The ACT could look to tighten its contact tracing rules for Omicron exposure sites, after the ACT's Health Minister revealed the territory has recorded its first instance of transmission at a casual exposure location.
There are now five positive Omicron cases in the territory and a NSW resident has also tested positive to the variant of concern after being exposed to the virus in the ACT.
But in better news, the ACT only reported three new COVID-19 cases on Tuesday and only one was acquired within the territory. This is the lowest daily tally for cases since August 14.
As health authorities seek to understand more about the nature of the variant, Health Minister Rachel Stephen-Smith has flagged further possible changes to contact tracing and the reintroduction of masks in indoor settings.
Ms Stephen-Smith said two exposure sites - the Knox Made in Watson cafe and the Next Gen Canberra gym in Lyneham - were upgraded from casual to close exposure sites after they were visited by a positive Omicron case.
A person who was deemed a casual contact tested positive to the virus and Ms Stephen-Smith said this might possibly trigger changes - dependent on further health advice.
"So that's another thing that will come into play as we learn more about Omicron, whether the public health officials need to reconsider the threshold that they set for close or casual contacts," she said.
"[But] that's something I think we just don't know enough about at this point to set up a hard and fast new rule about Omicron."
When the ACT's lockdown was lifted chief health officer Kerryn Coleman also relaxed rules around the identification of close and casual contact sites. Since lockdown has been lifted there have been fewer close contact sites.
Under the ACT's current rules a casual contact is not required to isolate, however, they must get a test. If this test is taken fewer than five days after they were deemed a contact they must also get another test on the fifth day after an exposure.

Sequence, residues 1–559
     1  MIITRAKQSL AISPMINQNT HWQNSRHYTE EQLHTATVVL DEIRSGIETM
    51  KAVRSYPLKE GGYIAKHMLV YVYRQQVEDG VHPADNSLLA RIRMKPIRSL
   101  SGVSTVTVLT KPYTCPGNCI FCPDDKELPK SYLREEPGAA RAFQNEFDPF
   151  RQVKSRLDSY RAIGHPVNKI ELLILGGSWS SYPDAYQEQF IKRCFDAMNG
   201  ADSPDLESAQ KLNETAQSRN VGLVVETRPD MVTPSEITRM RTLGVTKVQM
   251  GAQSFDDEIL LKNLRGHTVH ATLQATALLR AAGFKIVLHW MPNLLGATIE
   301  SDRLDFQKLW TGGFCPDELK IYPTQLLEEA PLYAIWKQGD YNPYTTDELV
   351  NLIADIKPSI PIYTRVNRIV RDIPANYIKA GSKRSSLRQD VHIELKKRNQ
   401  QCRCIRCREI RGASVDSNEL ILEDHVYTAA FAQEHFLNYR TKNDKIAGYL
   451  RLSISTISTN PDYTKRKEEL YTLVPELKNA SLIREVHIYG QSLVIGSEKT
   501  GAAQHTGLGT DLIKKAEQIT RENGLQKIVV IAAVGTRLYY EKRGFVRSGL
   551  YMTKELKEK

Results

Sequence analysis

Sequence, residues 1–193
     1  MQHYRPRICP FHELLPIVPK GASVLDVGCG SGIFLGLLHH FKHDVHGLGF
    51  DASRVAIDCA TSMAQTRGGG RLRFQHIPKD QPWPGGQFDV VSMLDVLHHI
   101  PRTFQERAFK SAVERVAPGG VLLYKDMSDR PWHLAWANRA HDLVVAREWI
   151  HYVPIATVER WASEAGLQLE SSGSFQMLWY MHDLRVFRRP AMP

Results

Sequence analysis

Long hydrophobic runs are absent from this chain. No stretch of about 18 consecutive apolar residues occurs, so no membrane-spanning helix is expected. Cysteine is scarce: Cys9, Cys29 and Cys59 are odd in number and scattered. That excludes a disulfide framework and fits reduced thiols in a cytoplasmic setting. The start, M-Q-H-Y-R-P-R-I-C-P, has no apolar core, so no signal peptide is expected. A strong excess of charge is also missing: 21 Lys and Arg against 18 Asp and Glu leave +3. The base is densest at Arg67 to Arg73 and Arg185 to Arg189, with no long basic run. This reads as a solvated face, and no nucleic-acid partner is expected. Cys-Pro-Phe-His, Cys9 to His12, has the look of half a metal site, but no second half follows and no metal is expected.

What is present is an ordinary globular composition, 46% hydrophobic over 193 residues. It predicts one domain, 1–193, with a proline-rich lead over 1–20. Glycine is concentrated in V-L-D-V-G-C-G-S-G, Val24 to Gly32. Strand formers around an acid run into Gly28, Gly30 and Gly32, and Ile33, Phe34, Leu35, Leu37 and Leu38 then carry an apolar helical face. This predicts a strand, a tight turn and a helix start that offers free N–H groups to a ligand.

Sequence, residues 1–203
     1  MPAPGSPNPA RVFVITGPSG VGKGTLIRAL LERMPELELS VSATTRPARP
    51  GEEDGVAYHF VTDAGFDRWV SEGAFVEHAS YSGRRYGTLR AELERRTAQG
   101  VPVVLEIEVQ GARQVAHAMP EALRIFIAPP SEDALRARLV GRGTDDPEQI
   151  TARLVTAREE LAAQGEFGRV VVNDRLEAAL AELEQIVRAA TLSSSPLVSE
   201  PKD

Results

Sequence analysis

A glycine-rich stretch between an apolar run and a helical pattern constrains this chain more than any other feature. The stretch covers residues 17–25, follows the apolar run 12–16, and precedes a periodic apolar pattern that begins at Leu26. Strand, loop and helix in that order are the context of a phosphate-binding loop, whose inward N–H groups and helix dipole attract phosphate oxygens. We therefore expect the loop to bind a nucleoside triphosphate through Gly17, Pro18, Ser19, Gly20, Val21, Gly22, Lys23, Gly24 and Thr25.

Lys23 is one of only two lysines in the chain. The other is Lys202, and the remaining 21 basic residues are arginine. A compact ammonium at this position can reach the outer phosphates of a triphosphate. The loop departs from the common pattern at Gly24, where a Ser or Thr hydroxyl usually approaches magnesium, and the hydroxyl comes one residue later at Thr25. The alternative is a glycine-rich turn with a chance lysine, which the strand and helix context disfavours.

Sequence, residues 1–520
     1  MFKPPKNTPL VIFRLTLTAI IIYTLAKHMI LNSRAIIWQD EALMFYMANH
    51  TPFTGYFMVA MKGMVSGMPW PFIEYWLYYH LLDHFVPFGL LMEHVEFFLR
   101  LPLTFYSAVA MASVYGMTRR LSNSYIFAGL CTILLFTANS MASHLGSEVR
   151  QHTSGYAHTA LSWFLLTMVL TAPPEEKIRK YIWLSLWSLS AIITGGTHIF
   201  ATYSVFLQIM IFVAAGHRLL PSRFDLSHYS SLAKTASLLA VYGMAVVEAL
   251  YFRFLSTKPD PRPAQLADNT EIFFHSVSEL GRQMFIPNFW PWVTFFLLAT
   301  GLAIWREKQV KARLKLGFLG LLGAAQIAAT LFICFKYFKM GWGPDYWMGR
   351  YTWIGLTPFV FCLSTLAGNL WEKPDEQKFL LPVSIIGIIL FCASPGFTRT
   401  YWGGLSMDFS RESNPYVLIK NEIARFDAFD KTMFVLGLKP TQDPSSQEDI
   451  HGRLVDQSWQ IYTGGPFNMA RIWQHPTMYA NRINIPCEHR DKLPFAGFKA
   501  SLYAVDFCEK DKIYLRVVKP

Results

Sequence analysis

The rules were changed when the territory emerged out of lockdown, prior to that casual contacts had to isolate for five days.
Ms Stephen-Smith could not say whether the 14-day quarantine period for close and secondary contacts of Omicron cases could be relaxed in time for Christmas. She said this was a matter for the territory's chief health officer.
She said it was a highly precautionary approach as authorities sought to understand the nature of the variant, including how transmissible it was, its incubation period and if it was effective against vaccines.
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Ms Stephen-Smith said a relaxation of mandatory QR codes and a dropping of density limits was still on the backburner.
She also said a reintroduction of mask requirements for indoors was under consideration.
"It really is only the mask wearing inside that is something the chief health officer is even considering at this point in time," she said.
"But at this time with only one new locally acquired case overnight ... we're not seeing widespread community transmission so it's really a question of waiting to see what more we can learn about the Omicron variant and what we continue to see in the ACT over the next few days."
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